• Location: Colorado Springs, CO
  • OS: OS X Mavericks 10.9.3
  • Phone: iPhone 5 - iOS 7.1.1

Posted 03 July 2012 - 05:26

You never mentioned the wireless router/access point your using.

At that speed you can max out a lot of wireless devices on the throughput. However just because you have a 75Mbps connection doesn't mean your always going to get that speed from the server(s) your connecting to. So the internet is the bottleneck at times.

Here are some compared to get an idea. There was another site but I don't remember where I bookmarked it for comparison. You can select the different freqs/bw/streams for downlink throughput
http://www.smallnetb...ter-charts/view

As stated there are lots of factors that can bring it down like interference from other networks and devices, obstructions in building materials and placement, environmental etc etc.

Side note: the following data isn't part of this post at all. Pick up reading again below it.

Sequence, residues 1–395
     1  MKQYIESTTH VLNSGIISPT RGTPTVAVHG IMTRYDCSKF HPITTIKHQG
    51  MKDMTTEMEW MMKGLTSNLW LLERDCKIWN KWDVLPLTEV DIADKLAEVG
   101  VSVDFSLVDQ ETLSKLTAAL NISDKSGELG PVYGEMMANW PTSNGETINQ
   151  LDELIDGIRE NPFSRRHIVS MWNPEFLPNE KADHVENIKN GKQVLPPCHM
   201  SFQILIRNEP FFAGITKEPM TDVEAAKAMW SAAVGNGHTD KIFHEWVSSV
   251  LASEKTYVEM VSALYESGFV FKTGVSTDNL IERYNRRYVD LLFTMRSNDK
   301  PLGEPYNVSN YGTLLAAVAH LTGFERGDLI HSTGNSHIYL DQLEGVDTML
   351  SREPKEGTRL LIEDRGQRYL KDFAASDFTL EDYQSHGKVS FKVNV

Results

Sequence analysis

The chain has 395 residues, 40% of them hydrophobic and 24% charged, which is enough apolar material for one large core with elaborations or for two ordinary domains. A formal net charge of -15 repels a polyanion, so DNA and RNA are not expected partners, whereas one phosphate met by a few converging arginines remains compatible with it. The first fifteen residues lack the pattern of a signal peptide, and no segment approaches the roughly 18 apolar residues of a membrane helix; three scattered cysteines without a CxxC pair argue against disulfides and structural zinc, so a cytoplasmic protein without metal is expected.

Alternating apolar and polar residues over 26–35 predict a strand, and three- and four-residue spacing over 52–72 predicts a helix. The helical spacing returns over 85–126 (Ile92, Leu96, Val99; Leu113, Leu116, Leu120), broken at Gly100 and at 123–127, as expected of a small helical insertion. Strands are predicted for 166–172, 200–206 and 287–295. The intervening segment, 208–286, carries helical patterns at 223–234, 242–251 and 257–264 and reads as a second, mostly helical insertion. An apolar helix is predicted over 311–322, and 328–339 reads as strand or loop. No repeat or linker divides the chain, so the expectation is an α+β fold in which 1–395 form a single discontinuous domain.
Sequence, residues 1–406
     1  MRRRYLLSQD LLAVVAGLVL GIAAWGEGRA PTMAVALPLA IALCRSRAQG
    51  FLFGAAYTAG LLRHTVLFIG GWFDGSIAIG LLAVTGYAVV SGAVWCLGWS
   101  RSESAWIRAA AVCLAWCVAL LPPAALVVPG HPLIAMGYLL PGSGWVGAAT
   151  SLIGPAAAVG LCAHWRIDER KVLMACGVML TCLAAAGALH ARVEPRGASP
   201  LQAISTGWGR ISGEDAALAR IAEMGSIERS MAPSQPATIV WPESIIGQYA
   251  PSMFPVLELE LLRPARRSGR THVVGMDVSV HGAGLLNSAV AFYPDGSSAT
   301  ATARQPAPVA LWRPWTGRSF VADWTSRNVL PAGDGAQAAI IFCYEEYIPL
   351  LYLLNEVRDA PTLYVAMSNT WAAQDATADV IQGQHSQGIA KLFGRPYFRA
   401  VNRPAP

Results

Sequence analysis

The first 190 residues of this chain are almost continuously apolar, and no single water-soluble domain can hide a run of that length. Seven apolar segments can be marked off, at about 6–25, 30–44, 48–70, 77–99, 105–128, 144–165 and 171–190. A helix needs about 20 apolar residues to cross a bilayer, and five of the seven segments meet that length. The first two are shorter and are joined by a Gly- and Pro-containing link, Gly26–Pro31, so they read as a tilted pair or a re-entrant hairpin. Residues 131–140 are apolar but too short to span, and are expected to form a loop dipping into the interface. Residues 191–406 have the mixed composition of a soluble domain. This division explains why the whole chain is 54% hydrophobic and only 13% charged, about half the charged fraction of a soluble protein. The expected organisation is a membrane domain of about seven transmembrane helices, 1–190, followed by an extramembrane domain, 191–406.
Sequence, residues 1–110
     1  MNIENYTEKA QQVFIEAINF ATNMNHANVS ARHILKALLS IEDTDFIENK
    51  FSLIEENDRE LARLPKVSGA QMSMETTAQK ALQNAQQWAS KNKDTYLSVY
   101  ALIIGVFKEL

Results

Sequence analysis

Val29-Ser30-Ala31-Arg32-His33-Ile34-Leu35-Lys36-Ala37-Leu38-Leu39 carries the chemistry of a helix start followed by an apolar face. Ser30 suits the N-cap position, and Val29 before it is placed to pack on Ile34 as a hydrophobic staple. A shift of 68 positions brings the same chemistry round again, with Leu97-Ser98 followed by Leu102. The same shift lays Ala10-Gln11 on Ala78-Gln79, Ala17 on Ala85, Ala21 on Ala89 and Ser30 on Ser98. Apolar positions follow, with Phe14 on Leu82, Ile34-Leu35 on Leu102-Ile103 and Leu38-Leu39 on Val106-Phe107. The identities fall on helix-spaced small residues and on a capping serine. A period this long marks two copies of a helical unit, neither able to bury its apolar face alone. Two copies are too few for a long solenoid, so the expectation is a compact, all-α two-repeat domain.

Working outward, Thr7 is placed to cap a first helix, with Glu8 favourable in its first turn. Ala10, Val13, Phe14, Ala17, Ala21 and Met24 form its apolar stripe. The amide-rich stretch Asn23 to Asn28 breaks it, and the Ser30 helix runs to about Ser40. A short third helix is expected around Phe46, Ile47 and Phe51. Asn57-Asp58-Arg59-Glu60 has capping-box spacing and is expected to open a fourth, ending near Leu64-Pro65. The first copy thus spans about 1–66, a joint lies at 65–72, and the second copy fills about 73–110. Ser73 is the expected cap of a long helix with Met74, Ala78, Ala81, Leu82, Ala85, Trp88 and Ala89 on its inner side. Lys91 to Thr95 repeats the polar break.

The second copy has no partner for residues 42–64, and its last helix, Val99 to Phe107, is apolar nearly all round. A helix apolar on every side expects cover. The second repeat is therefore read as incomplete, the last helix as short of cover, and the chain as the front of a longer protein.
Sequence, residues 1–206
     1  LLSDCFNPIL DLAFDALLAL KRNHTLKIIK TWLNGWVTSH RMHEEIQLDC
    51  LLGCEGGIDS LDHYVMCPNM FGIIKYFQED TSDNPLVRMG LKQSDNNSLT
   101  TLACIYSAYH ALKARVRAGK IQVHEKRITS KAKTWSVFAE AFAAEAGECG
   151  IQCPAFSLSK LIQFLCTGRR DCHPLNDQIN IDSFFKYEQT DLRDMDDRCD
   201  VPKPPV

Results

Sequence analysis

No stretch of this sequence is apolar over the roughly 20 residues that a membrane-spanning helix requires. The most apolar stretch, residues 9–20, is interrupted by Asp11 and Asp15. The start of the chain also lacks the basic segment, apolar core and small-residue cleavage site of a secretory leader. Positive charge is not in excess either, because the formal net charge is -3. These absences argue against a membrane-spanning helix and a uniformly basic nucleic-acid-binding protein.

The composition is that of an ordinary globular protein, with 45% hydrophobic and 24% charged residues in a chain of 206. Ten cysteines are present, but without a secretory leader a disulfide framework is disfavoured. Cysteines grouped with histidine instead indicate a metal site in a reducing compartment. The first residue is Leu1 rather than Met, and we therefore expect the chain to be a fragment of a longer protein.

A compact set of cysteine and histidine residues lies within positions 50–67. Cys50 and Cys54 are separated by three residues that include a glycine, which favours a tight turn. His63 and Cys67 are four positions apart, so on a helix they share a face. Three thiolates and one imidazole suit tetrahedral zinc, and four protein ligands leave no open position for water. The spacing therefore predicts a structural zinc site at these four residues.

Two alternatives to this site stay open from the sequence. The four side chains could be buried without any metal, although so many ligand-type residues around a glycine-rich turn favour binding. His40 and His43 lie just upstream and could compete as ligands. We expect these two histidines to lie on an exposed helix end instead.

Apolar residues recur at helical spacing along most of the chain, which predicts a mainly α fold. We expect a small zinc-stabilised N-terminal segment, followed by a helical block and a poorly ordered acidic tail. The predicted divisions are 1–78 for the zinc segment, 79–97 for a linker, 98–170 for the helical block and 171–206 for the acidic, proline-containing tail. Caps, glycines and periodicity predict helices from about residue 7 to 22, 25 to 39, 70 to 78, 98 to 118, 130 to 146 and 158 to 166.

This is where wired networks have a definite advantage.

#5 +BudMan

BudMan

    Neowinian Senior

  • Tech Issues Solved: 96
  • Joined: 04-July 02
  • Location: Schaumburg, IL
  • OS: Win7, Vista, 2k3, 2k8, XP, Linux, FreeBSD, OSX, etc. etc.

Posted 03 July 2012 - 11:52

Yup that smallbuilders link is good place to start. And from those charts, unless your talking a 80Mhz Bandwidth with 3 streams then yup your wireless is not going to be able to handle it.

As mentioned if you want performance use a wire, wireless is great for access for like reading your email or light surfing, checking sport scores on your mobile devices. But if your looking to move data, then you need a wire plain and simple.

#6 Roger H.

Roger H.

    Neowinian Senior